August 27, 2008
TALLAHASSEE, Fla. – Florida Insurance Commissioner Kevin McCarty announced today that he has received the latest rate filing from the National Council on Compensation Insurance (NCCI) for workers' compensation insurance rates due to become effective next year. The filing calls for an overall average rate decrease of 14.1 percent statewide, which would produce a savings of more than $465 million for Florida employers.
If approved, the rate decrease would be the sixth consecutive drop since the Legislature passed sweeping reforms to the state's workers' compensation system in 2003. The cumulative overall statewide average rate decrease since 2003 would total 58.3 percent.
"These lower workers' compensation rates will have a positive impact on every segment of our marketplace," said Commissioner McCarty. "It is great news for business owners and their employees, because Florida employers are paying lower rates, and benefits are being delivered fairly and effectively. The reduction of fraud and abuse in the system is certainly paying off."
Prior to the legislative reforms, the state of Florida consistently ranked No. 1 or No. 2 in the country for the highest workers’ compensation rates; however, post-reform, Florida has dropped out of the top 10 rankings.
NCCI, which produces and files rates for insurers in many states, said the rate decline was primarily due to a significant drop in claims frequency and a reduction in the costs of claims.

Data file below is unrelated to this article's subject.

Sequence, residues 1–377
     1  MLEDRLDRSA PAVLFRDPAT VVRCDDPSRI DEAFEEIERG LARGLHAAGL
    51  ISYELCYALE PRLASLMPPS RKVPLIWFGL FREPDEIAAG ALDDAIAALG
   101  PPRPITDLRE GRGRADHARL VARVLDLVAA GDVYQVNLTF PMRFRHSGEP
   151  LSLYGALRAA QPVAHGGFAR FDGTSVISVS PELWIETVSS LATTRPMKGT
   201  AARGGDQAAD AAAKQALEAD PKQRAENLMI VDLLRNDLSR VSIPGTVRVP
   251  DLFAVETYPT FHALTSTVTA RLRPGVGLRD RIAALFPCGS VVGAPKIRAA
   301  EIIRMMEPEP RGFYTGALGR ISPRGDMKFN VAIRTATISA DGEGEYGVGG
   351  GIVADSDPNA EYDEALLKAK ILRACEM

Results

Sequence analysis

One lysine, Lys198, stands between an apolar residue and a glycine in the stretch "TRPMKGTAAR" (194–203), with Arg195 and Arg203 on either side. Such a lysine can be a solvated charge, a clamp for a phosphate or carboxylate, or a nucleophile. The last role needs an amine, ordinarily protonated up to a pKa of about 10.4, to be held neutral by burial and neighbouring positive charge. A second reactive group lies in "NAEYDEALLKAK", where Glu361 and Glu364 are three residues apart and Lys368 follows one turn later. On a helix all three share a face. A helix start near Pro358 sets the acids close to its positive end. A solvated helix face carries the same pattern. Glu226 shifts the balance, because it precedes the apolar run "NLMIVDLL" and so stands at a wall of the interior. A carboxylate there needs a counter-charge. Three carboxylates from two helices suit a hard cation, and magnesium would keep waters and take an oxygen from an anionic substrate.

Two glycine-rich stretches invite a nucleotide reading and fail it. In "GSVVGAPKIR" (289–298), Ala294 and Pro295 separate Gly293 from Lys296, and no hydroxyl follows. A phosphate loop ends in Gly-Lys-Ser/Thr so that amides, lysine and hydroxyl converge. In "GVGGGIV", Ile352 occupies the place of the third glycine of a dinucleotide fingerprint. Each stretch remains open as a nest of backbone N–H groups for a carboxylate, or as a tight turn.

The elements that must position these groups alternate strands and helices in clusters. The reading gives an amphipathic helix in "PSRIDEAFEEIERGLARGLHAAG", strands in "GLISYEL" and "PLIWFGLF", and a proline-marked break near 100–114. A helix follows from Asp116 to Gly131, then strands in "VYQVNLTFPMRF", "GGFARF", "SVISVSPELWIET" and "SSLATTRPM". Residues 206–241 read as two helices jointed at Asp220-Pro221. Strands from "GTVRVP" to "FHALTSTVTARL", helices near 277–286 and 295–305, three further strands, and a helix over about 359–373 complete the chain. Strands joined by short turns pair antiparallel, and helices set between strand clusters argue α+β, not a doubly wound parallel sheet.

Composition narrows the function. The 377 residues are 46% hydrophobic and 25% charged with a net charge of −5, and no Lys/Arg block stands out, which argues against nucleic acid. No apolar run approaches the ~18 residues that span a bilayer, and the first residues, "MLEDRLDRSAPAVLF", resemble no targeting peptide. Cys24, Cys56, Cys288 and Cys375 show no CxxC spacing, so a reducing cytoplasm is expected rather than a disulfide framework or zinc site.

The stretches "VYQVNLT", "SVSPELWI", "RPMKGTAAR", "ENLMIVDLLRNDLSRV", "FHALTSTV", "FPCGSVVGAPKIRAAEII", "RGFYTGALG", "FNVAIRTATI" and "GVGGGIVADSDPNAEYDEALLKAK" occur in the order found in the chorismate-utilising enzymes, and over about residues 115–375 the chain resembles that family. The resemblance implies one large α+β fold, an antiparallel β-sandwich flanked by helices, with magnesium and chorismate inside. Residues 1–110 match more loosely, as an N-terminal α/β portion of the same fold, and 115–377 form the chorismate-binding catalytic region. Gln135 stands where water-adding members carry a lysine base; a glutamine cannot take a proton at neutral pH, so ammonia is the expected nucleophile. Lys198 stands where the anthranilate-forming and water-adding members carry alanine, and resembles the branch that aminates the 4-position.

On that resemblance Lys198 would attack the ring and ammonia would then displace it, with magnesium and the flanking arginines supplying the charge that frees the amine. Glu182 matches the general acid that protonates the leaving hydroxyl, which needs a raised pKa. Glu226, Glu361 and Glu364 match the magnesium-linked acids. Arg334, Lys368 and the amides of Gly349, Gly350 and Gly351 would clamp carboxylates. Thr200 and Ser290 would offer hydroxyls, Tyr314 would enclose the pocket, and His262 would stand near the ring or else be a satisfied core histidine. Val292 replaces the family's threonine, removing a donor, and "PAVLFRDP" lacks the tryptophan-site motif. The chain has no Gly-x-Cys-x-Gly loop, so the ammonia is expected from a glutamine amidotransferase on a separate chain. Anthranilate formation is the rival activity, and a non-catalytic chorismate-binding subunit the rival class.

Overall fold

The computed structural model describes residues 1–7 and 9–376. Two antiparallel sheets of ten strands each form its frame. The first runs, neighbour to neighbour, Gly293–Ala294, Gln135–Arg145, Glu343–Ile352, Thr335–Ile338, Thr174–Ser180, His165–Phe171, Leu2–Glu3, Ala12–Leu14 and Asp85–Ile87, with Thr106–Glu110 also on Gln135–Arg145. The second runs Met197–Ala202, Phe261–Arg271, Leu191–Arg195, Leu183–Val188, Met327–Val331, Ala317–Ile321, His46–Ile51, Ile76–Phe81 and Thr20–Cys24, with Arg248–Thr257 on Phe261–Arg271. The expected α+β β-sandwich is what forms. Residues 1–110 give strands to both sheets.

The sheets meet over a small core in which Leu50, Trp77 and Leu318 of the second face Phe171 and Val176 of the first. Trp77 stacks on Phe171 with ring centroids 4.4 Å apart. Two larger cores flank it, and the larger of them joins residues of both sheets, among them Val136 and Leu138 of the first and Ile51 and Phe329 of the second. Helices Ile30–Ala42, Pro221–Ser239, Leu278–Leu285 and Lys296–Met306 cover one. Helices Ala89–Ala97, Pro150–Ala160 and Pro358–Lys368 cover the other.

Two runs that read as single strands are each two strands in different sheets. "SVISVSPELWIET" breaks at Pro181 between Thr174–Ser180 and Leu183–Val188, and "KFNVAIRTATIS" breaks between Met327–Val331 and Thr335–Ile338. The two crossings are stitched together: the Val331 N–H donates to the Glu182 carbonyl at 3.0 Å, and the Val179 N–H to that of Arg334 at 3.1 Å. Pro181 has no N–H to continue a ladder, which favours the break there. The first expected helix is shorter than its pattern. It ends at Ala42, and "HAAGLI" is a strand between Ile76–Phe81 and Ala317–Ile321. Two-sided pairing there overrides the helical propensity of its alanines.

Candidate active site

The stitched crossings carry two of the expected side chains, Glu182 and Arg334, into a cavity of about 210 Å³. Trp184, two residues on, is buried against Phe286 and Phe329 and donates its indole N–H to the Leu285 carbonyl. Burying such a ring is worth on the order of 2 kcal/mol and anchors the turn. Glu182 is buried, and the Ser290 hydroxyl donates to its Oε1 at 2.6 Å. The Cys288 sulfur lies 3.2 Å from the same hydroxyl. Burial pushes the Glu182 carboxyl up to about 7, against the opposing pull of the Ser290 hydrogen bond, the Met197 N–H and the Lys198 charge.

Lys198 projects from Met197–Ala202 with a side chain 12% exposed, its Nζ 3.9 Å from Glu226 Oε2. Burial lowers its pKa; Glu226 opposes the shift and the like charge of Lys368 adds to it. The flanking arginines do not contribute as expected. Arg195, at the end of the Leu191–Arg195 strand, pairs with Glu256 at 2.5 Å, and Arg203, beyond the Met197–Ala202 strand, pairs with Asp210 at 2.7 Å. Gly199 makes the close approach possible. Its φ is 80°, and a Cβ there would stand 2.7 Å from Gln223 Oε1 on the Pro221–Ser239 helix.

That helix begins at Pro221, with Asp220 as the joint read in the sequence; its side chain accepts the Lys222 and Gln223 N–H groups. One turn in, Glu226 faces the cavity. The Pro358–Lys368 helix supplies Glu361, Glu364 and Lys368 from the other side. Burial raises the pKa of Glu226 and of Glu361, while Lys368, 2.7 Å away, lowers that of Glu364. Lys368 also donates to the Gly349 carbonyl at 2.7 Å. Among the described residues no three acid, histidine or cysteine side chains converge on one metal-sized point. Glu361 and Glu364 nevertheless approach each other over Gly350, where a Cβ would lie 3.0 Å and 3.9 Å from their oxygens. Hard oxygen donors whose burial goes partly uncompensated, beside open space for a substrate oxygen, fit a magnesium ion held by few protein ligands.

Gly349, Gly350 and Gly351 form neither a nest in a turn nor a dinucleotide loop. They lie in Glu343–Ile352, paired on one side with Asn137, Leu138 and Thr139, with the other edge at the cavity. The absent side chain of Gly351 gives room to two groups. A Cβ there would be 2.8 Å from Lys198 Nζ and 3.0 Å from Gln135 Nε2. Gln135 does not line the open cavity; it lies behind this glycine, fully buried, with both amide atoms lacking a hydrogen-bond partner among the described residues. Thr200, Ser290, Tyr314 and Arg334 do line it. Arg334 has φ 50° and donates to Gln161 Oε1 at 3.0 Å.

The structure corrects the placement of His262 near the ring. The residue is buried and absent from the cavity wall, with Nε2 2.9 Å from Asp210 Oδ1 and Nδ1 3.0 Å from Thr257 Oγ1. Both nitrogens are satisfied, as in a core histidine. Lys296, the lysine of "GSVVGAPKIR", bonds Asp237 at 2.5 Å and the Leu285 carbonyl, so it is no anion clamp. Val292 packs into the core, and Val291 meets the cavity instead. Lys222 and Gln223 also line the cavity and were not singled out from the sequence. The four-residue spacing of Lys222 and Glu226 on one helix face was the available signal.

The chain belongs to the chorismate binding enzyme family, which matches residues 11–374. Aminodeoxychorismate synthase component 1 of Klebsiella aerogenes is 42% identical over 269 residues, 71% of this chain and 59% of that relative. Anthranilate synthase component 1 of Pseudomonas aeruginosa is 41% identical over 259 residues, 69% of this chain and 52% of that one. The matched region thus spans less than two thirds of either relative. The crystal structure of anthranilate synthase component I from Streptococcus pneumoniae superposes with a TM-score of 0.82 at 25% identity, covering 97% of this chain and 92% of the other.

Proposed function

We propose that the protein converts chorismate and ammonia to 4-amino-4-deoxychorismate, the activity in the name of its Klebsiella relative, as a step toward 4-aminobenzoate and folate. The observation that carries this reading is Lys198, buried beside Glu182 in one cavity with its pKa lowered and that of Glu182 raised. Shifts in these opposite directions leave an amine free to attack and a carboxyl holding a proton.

A rate hearing on the filing will be scheduled by the Office of Insurance Regulation in October, and the rate change would be effective for new and renewal business as of Jan. 1, 2009.
The law passed in 2003 instituted provisions for enhanced fraud compliance and revised permanent and temporary disability definitions. It also set new parameters for attorney and physician compensation and improved dispute resolution procedures, in addition to making many other improvements to the system.
About the Florida Office of Insurance Regulation
The Florida Office of Insurance Regulation (Office) has primary responsibility for regulation, compliance and enforcement of statutes related to the business of insurance and the monitoring of industry markets. Business units within the Office are organized based on regulatory expertise and include the areas of life and health, property and casualty, specialty lines and other regulated insurance entities. It is within the Office that the mission of public protection is implemented through regulatory oversight of insurance company solvency, policy forms and rates, market conduct performance and new company entrants to the Florida market.